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Schizophrenia

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Schizophrenia

During the 1950s, mentally disordered people who were harmful to society and

themselves could be treated with medications and were able to return safely to their

communities. During the 1980s, the cost of health care increased more than any other

cost in our national economy. As a result, strategic planning has been made to reduce

costs. "The political decision made to deinstitutionalize chronic mental patients started

with the appearance of phenothiazine medications. Dramatically reducing the instability

influenced by psychosis, these medications were of great significance to many

individuals with serious mental disorders. At both the state and federal levels,

legislators looked at the high cost of long-term psychiatric hospitalization. Social

scientists guaranteed them that community-based care would be in the best interests of

all concerned: the mentally ill and the general, tax-paying public." It was

believed that a social breakdown syndrome would develop in chronically mentally ill

persons who were institutionalized. The characteristics of this syndrome were

submission to authority, withdrawal, lack of initiative, and excessive dependence on the

institution (Seeds).

Schizophrenia is the most common psychoses in the United States affecting

around one percent of the United States population. It is characterized by a deep

withdrawal from interpersonal relationships and a retreat into a world of fantasy. This

plunge into fantasy results in a loss of contact from reality that can vary from mild to

severe. Psychosis has more than one acceptable definition. The psychoses are

different from other groups of psychiatric disorders in their degree of severity,

withdrawal, alteration in affect, impairment of intellect, and regression (Insight).

In psychotic disorders, the intellect is involved in the actual psychotic process,

resulting in derangement of language, thought, and judgment. Schizophrenia is called

a formal thought disorder. Thinking and understanding of reality are usually severely

impaired. The most severe and prolonged regressions are seen in the psychoses,

regression. There is a falling back to earlier behavioral levels. In schizophrenia this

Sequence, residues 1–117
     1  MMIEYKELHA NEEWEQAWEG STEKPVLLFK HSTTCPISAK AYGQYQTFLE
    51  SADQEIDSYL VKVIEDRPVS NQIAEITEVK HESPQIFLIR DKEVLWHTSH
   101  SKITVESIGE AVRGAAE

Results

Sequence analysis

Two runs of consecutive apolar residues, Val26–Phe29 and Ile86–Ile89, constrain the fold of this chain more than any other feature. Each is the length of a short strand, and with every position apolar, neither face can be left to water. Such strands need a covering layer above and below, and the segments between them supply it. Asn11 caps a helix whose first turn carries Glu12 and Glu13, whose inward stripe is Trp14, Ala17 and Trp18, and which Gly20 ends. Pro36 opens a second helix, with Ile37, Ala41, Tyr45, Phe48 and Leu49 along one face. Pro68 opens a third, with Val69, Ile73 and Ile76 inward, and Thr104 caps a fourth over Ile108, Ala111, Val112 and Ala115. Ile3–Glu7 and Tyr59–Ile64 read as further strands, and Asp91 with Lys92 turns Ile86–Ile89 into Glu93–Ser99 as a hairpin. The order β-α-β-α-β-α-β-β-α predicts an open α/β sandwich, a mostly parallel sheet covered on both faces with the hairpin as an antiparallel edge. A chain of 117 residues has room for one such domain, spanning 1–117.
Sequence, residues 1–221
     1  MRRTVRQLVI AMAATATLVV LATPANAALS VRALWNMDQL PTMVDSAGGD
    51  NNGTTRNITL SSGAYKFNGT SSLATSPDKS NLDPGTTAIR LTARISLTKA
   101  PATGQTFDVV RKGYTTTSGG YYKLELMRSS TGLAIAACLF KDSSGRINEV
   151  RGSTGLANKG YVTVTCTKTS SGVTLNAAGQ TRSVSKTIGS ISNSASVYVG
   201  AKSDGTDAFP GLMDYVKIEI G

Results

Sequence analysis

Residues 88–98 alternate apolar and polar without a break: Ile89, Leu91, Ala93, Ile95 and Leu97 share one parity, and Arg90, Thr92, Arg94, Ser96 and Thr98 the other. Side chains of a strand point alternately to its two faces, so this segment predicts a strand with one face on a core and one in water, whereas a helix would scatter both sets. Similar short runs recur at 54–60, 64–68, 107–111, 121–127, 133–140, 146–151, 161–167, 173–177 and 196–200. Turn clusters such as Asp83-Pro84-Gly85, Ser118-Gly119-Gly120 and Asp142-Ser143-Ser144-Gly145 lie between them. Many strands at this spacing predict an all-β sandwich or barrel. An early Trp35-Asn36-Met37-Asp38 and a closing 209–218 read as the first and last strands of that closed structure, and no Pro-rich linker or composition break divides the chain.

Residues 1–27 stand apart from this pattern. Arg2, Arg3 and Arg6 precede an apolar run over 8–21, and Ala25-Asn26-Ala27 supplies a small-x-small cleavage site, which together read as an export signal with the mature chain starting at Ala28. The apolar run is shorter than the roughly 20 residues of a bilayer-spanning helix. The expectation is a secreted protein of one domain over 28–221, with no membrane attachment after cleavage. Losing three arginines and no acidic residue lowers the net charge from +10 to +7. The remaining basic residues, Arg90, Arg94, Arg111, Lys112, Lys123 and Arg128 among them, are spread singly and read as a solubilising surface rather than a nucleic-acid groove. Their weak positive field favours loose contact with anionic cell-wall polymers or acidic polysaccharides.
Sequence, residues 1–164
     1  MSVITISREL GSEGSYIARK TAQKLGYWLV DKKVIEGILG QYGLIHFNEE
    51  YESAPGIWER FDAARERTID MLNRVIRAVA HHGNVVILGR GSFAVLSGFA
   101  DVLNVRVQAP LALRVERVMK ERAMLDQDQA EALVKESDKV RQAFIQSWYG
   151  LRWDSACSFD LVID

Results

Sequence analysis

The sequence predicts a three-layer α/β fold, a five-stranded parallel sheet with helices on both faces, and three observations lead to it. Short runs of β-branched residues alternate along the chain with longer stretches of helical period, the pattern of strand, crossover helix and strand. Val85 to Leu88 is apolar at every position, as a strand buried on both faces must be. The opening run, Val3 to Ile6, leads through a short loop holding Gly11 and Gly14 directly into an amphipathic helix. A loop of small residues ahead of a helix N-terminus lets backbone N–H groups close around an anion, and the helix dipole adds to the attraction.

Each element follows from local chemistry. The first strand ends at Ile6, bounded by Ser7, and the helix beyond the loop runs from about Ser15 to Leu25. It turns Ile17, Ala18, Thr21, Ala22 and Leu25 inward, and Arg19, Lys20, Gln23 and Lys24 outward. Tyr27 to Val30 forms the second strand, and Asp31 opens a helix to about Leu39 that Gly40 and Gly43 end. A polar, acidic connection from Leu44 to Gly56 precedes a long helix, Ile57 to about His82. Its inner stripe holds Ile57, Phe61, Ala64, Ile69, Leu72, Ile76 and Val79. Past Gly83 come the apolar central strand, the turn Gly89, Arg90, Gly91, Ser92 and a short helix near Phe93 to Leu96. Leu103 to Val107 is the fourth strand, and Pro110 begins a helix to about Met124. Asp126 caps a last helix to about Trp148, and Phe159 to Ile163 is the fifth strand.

may include returning to primitive forms of behavior, such as curling up into a fetal

position, eating with one's hands, and so forth. The symptoms of schizophrenia usually

occur during adolescence or early adulthood, except for paranoid schizophrenia, which

usually has a later onset. The process of schizophrenia is often slow, with the

exception of catatonia, which may have an abrupt onset. As an adolescent, a person

who later develops schizophrenia is often antisocial with others, lonely, and depressed.

Plans for the future may appear to others as vague or unrealistic (Seeds).

It is possible that there may be a preschizophrenic phase a year or two before

the disorder is diagnosed. This phase may include neurotic symptoms such as acute or

chronic anxiety, phobias, obsessions, and compulsions or may reveal dissociative

features. As anxiety mounts, indications of a thought disorder may appear. An

adolescent may complain of difficulty with concentration and with the ability to complete

school work or job-related work. Over time there is severe deterioration of work along

with the deterioration of the ability to cope with the environment. Complains such as

mind wandering and needing to devote more time to maintaining one's thoughts are

heard. Finally, the ability to keep out unwanted intrusions into one's thoughts becomes

impossible. As a result, the person finds that his or her mind becomes so confused and

thoughts so distracted, that the ability to have ordinary conversations with others is lost (Insight).

The person may initially feel that something strange or wrong is going on.

He or she misinterprets things going on in the environment and may give mystical or

symbolic meanings to ordinary events. The schizophrenic may think that certain colors

hold special powers or a thunderstorm is a message from God. The person often

mistakes other people's actions or words as signs of hostility or evidence of harmful

intent. As the disease progresses, the person suffers from strong feelings of rejection,

lack of self-respect, loneliness, and feelings of worthlessness. Emotional and physical

withdrawal increase feelings of isolation, as does an inability to trust or sociate with

others. The withdrawal may become severe, and withdrawal from reality may be

noticeable from hallucinations, delusions, and odd mannerisms. Some schizophrenics

think their thoughts are being controlled by others or that their thoughts are being

broadcast to the world. Others think that people are out to harm them or are spreading

rumors about them. Voices

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